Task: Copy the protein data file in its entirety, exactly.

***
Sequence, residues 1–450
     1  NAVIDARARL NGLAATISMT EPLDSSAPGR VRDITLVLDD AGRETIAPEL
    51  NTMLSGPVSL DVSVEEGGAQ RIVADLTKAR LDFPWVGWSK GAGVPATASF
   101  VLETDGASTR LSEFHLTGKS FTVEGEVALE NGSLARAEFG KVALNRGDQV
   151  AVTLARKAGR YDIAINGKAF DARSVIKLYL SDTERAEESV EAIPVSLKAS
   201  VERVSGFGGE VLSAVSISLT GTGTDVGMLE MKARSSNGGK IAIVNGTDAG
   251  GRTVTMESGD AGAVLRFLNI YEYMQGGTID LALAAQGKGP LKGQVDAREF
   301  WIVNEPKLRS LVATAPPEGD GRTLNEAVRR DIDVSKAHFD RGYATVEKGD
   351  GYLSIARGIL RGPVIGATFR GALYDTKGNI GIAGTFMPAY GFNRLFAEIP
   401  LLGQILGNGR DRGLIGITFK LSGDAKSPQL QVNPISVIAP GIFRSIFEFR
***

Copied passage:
Sequence, residues 1–450
     1  NAVIDARARL NGLAATISMT EPLDSSAPGR VRDITLVLDD AGRETIAPEL
    51  NTMLSGPVSL DVSVEEGGAQ RIVADLTKAR LDFPWVGWSK GAGVPATASF
   101  VLETDGASTR LSEFHLTGKS FTVEGEVALE NGSLARAEFG KVALNRGDQV
   151  AVTLARKAGR YDIAINGKAF DARSVIKLYL SDTERAEESV EAIPVSLKAS
   201  VERVSGFGGE VLSAVSISLT GTGTDVGMLE MKARSSNGGK IAIVNGTDAG
   251  GRTVTMESGD AGAVLRFLNI YEYMQGGTID LALAAQGKGP LKGQVDAREF
   301  WIVNEPKLRS LVATAPPEGD GRTLNEAVRR DIDVSKAHFD RGYATVEKGD
   351  GYLSIARGIL RGPVIGATFR GALYDTKGNI GIAGTFMPAY GFNRLFAEIP
   401  LLGQILGNGR DRGLIGITFK LSGDAKSPQL QVNPISVIAP GIFRSIFEFR